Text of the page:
First Saturday of June: Catch-up

Damn, May was a long month.

Reading
This past month I took a bit of a detour.

I’ve been reading John Ashbury’s collection of poetry Quick Question. You would think that it wouldn’t take me so long to finish a book of poetry but there’s something strange and fascinating about these poems. I end up reading a few and then dwelling on them. I put the book aside, try to digest the poems I’ve just read, the strange images that Ashbury has created and what they’ve triggered in my own imagination.

So, yeah, I like it. I like being forced to take time with the things I’m reading. This is why I don’t put much stock in the number of books read in a given time, but rather in their quality and their impact.

Have been reading Milan Kundera’s The Unbearable Lightness of Being. It had been on my radar for years… decades, in fact, but I think I’d been intimidated by it. That was a mistake. I should have read this book earlier in my life.

I’ve started rereading Gerard Genette’s classic Narrative Discourse: An Essay in Method, and its follow-up Narrative Discourse Revisited. Genette’s book was the theoretical cornerstone of my master’s thesis. I enjoy discussing meaning in literary works, but, as a writer, I’d much rather understand the mechanics of building meaning. Learning and thinking about the way manipulating time, perception, repetition, and so on can create depth, tension, and empathy is useful. Back in grad school, we used to say “Plot happens” with much the same tone that gets applied to the phrase “Shit happens.” We also used to say that dramatic tension can exist between two people sitting quietly in a room. Outward momentum, action, is – I almost hate to say it – easy (or easier). Every character has a desire, and plot is the tension created as they try to get what they want and run into obstacles, get distracted, fail. During the Spanish Civil War, Robert Jordan wants to blow up a bridge, but there is the in-fighting in the guerrilla band, the Fascists, his budding romance with Maria. Jack Duluoz wants sneak away to Big Sur to write in a cabin in the woods, but is sidetracked by his fame, reputation and alcoholism. Back in the early days of thinking I was going to be a writer, I got a lot of advice out of Writer’s Digest. It was foundational kind of advice, broad, almost pedantic in a way. As I remember it, most of their advice was based around the old adages of “show don’t tell” and “write what you know.” Great advice for beginners, but limiting to the more advanced writer.

Watching
Re-watched a few episodes of the X-Files because, well, apparently there’s a six episode mini-series coming out soon and I was a pretty devout X-phile once. Not quite as obsessed as my ex-girlfriend, Rebekah, but I never missed an episode, even when I didn’t have cable back in the days before streaming video.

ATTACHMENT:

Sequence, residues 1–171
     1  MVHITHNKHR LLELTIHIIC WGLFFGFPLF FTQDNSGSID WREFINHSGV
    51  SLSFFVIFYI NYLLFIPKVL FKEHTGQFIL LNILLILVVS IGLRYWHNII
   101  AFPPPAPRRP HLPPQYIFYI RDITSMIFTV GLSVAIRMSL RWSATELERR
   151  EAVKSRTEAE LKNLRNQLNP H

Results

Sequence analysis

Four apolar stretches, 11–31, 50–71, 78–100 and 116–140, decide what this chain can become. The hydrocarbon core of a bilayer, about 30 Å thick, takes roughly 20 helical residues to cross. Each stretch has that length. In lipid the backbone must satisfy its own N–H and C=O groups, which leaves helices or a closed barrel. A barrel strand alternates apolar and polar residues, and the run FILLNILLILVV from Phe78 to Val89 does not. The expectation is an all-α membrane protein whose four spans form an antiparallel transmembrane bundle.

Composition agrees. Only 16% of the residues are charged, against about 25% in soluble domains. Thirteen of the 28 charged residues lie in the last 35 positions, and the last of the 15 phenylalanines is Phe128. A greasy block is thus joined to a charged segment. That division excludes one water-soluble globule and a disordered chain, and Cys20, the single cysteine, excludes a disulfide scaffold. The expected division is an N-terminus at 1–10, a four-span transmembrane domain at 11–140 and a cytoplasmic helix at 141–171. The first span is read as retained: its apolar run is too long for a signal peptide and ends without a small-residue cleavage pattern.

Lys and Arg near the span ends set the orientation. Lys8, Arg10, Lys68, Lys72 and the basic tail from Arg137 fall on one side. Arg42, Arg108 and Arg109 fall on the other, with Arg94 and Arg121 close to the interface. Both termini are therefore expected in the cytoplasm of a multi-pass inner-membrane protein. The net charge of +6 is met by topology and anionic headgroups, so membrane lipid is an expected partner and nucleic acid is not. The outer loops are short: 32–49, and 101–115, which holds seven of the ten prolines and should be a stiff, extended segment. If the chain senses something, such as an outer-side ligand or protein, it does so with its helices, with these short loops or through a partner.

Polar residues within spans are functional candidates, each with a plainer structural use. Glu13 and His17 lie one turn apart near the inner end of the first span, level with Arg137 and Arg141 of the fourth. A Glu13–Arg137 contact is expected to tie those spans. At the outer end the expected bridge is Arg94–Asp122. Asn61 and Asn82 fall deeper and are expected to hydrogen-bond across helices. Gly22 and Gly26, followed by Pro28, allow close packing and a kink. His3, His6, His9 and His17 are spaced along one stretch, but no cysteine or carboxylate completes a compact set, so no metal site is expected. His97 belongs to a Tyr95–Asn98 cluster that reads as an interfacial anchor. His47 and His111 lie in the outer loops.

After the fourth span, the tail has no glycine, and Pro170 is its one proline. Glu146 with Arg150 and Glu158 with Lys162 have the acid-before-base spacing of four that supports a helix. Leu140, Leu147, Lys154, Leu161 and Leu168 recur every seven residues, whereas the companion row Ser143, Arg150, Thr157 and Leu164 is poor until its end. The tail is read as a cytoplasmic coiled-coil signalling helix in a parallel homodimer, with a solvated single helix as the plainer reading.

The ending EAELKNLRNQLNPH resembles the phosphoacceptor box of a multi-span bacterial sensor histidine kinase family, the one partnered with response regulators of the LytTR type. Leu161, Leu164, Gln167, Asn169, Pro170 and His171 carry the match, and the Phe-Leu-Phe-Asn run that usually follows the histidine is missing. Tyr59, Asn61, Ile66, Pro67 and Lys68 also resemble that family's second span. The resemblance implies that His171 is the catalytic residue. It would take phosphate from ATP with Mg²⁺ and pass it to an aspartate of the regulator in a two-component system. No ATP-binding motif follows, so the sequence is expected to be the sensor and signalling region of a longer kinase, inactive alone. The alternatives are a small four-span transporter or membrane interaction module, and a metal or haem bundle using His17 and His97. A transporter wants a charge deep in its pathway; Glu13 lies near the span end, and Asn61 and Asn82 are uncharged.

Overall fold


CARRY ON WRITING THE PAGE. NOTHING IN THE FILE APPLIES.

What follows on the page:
Also knocked out the British produced Netflix original series Scrotal Recall. Shockingly off-color title, but the shows are damn funny and sensitive. I hope I can find someone with whom I can do a one night party to-do list that include jumping out of a moving car.

Caught Star Wars fever after the release of the new trailer. To satisfy the itch, I have been watching the animated Clone Wars series. There are a lot of throw-away episodes put there to fill space and entertain the kids. Then there are the ones that feed into the canonical storyline. I’m a geek. What can I say?

Listening
My listening always fluctuates. Thankfully, there is finally an alternative radio station in Wichita. Sadly, it’s a Clear Channel owned station, but still . . . it’s better than the smattering of classic rock, pop-country, “urban,” latino, and religious radio stations that clog the airwaves around here. So, I’m finally hearing songs by band that have been around for a while but weren’t being played around here. Bastille, Big Data, and, unfortunately, Hozier (fuck that band – yes, there’s a story).

Every once in a while, I go on a kind of nostalgia trip: in this case it’s with HUM… if you missed out on this band in the mid 90s I’d recommend searching them out. You can get their stuff still on iTunes. The song “Stars” off their album You’d Prefer an Astronaut was their biggest hit; however, their follow up album Downward is Heavenward is, perhaps the most perfect album I’ve ever heard.

Podcast News
Working on lining up a few guests. I know I’ve said this before, but part of the problem with being your own producer, scheduler, and “talent” is that sometimes things take longer than expected. My once stable release schedule has fallen off, but I’m still doing the podcast. Going to keep doing it as long as I can produce something that feels good. The Laboratory episodes with Stephen are going well, and you can look at the results here. The episodes appear in the regular podcast feed, if you’ve subscribed. Or you can check out an episode here.

I’m thinking of doing some other things to fill space, and also differentiate my content from podcasts like Brad Listi’s Other People, or John King’s The Drunken Odyssey, both great literary podcasts.

Working on getting interviews set up with Steve Heller, Sarah Bagby (owner of Watermark Books in Wichita), Elise Blackwell, Virginia Pye, and a few others.